Monthly Archives: March 2013
A government department in New Zealand has had to apologise twice after mixing up CC: and BCC: when apologising for mixing up CC: and BCC:.
It's a really easy mistake to make, so take a moment to remind yourself why it's a bad idea...
A security researcher tested a slew of (probably inappropriately misconfigured) storage buckets and found about one in six were open to the public, exposing content we think companies would probably have preferred remain private.
Lisa Vaas explores what has happened.
Facebook should be doing more to protect its billion users from abuse, argues Graham Cluley.
Can any social network defend taking no proactive action against pages which promote date-rape drug Rohypnol and have obviously offensive content?
To remind taxpayers to be on the lookout for scams ranging from identity theft to return-preparer fraud, the IRS posted its Dirty Dozen list of tax scams for 2013.
The largest recorded DDoS attack has been ongoing for over eight days now, causing slowdowns and errors throughout the internet. Is this a one time scenario or does this expose a greater weakness in the world's largest network?
Phishing is often regarded as old hat. From a technical perspective, it's a case of 'been there, done that'. Sometimes however, we come across attacks that are just a little bit more interesting (or at least different) from the norm.
Have you joined thousands of others, and become a loyal listener to the "Chet Chat" yet?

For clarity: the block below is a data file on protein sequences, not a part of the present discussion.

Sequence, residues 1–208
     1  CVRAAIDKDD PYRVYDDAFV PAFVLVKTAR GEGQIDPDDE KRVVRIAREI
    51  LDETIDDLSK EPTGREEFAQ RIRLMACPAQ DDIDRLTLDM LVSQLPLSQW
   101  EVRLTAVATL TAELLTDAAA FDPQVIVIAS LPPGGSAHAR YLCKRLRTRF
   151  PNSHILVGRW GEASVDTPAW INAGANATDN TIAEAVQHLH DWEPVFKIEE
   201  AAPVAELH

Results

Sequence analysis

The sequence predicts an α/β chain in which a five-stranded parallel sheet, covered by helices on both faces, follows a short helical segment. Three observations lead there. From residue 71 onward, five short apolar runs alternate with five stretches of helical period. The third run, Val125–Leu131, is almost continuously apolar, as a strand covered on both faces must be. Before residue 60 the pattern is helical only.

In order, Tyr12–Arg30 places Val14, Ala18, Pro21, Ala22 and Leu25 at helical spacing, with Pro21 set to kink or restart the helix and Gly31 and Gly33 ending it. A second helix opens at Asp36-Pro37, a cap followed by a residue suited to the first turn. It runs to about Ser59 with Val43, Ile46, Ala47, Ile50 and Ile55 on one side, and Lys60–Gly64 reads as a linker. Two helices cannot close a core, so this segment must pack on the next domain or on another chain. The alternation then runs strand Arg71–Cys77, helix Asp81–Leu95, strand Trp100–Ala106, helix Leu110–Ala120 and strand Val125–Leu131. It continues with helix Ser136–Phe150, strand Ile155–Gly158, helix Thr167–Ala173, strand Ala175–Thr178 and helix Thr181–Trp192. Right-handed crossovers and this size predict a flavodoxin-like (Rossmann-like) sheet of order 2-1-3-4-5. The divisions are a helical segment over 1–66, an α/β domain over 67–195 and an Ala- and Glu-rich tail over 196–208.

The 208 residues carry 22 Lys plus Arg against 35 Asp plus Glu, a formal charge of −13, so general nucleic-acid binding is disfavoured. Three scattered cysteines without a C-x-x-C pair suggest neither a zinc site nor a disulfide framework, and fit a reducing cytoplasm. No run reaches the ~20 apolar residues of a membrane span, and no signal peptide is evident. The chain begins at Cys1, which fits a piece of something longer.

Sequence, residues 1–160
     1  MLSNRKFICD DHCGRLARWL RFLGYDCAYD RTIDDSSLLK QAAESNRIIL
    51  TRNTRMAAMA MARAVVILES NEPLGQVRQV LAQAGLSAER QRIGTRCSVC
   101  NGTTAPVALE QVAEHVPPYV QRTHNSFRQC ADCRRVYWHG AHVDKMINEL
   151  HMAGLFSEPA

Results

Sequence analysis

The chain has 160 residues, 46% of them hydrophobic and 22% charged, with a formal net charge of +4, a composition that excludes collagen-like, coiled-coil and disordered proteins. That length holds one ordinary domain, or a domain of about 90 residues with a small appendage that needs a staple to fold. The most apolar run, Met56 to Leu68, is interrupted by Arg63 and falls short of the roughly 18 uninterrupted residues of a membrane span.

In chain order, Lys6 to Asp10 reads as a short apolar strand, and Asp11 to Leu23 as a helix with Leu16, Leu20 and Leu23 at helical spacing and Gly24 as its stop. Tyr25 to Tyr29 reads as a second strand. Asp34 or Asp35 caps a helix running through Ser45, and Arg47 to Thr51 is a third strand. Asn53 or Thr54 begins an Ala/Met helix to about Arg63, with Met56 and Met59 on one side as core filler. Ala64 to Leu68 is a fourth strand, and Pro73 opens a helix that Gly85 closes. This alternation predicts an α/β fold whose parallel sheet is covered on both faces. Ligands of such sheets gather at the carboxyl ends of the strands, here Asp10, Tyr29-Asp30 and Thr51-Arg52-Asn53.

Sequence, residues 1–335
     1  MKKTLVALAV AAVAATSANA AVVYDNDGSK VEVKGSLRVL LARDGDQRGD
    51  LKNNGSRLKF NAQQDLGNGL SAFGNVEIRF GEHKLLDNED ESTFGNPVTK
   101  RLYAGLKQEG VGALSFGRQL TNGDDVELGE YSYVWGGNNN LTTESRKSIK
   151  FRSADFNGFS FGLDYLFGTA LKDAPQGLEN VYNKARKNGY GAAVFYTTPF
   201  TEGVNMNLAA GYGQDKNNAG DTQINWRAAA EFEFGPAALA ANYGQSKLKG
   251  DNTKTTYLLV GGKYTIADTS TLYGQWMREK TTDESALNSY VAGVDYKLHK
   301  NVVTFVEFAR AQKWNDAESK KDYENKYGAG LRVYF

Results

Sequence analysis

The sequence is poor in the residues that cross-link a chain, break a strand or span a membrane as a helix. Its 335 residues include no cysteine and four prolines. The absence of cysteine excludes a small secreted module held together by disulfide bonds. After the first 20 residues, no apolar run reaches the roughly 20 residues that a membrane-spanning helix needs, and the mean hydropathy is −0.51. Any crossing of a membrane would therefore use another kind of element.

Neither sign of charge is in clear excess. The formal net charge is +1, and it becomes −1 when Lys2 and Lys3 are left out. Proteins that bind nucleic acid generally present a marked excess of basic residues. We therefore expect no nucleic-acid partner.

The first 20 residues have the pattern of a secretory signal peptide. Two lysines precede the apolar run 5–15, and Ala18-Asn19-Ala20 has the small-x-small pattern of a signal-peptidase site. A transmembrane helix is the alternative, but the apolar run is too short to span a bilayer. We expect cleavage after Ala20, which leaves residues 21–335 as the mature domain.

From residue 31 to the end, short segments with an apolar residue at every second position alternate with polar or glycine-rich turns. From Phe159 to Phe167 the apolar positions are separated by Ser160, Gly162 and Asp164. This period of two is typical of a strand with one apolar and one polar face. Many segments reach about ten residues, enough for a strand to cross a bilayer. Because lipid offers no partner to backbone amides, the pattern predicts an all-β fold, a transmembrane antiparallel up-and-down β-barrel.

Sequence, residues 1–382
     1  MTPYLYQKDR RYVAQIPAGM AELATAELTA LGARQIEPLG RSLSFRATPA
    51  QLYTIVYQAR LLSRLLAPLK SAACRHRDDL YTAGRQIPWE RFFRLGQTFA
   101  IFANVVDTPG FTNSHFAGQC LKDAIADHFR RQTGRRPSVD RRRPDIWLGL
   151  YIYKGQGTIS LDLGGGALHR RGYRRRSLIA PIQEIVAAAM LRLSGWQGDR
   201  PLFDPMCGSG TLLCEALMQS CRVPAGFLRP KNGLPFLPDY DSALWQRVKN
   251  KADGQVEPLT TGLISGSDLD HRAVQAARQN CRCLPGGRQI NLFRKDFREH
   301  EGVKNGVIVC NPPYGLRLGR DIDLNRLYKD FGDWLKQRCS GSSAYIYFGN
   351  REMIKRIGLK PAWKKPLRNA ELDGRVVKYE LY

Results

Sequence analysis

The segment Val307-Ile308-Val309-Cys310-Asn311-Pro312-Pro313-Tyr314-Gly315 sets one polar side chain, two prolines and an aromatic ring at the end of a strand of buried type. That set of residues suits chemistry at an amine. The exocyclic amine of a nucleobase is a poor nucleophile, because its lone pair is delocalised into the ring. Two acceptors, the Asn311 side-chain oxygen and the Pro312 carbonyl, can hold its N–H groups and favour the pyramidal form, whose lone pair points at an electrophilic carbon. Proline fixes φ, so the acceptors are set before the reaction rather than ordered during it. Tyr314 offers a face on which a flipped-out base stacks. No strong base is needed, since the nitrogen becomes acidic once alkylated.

Here's the latest Naked Security podcast, Sophos Security Chet Chat 105, discussing a range of recent and newsworthy topics from the world of computer security.
Spanish open source association Hispalinux, reports Reuters, has officially complained to the European Commission about the Windows 8 Secure Boot system.
Paul Ducklin gets quizzical about what happens next...
Chet inteviews the writer and director of hacker film "Code 2600" and Austin BSides organizers/consultants Michael Gough and Ian Robertson. We also introduce the new Kickstarter Hackers in Uganda.
Slovenian police on Thursday raided 12 homes and arrested five Slovenian citizens in connection with sending malware-packed email to small and medium businesses' accounting departments.
A US teenager is charged with distributing child pornography after allegedly hacking minors' cellphones through an SMS ad that installed malware, giving him access to the phones' content.
Apple has had a good-bad-good-bad week of it in the computer security environment.
Its announcement of two-step verification for some users was quickly followed by a report of a password recovery exploit for everyone else...
A pair of Maltese vulnerability researchers have found a security hole in Battlefield: Play4Free from digital games giant EA.
The vulnerability abuses the fact that different versions of Windows deal differently with erroneous input to the function used to start new processes.
Should you trust the security notice you have just been emailed, telling you to watch out for scam emails and to use hard-to-crack passwords?
After celebrity Web 2.0 journalist Mat Honan had all his iDevices remote-wiped by a cybercrook last year, Apple's login security has been under scrutiny.
Good news! Apple has finally bitten the bullet and started offering two-factor verification for Apple ID users...
The official Twitter account used by the BBC's weather team has been hijacked by Syrian hackers.
Fortunately, they don't seem to be using it to spread malicious links - but are instead trying to spread political messages about Syria instead.